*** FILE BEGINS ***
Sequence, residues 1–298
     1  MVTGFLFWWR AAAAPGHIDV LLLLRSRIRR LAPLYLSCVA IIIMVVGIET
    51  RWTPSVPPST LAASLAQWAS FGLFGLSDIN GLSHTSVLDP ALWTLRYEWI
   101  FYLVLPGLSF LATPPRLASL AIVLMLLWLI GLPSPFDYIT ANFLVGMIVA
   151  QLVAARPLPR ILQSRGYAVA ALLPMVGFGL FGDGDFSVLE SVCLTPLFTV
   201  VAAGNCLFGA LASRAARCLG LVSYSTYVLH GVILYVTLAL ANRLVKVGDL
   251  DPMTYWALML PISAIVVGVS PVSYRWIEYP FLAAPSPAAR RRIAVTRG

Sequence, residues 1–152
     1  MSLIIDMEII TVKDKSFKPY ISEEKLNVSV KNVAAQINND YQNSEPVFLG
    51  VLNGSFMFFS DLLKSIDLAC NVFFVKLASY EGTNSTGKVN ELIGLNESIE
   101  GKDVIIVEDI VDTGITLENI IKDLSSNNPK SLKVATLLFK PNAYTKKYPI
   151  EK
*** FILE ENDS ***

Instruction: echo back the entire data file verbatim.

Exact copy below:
Sequence, residues 1–298
     1  MVTGFLFWWR AAAAPGHIDV LLLLRSRIRR LAPLYLSCVA IIIMVVGIET
    51  RWTPSVPPST LAASLAQWAS FGLFGLSDIN GLSHTSVLDP ALWTLRYEWI
   101  FYLVLPGLSF LATPPRLASL AIVLMLLWLI GLPSPFDYIT ANFLVGMIVA
   151  QLVAARPLPR ILQSRGYAVA ALLPMVGFGL FGDGDFSVLE SVCLTPLFTV
   201  VAAGNCLFGA LASRAARCLG LVSYSTYVLH GVILYVTLAL ANRLVKVGDL
   251  DPMTYWALML PISAIVVGVS PVSYRWIEYP FLAAPSPAAR RRIAVTRG

Sequence, residues 1–152
     1  MSLIIDMEII TVKDKSFKPY ISEEKLNVSV KNVAAQINND YQNSEPVFLG
    51  VLNGSFMFFS DLLKSIDLAC NVFFVKLASY EGTNSTGKVN ELIGLNESIE
   101  GKDVIIVEDI VDTGITLENI IKDLSSNNPK SLKVATLLFK PNAYTKKYPI
   151  EK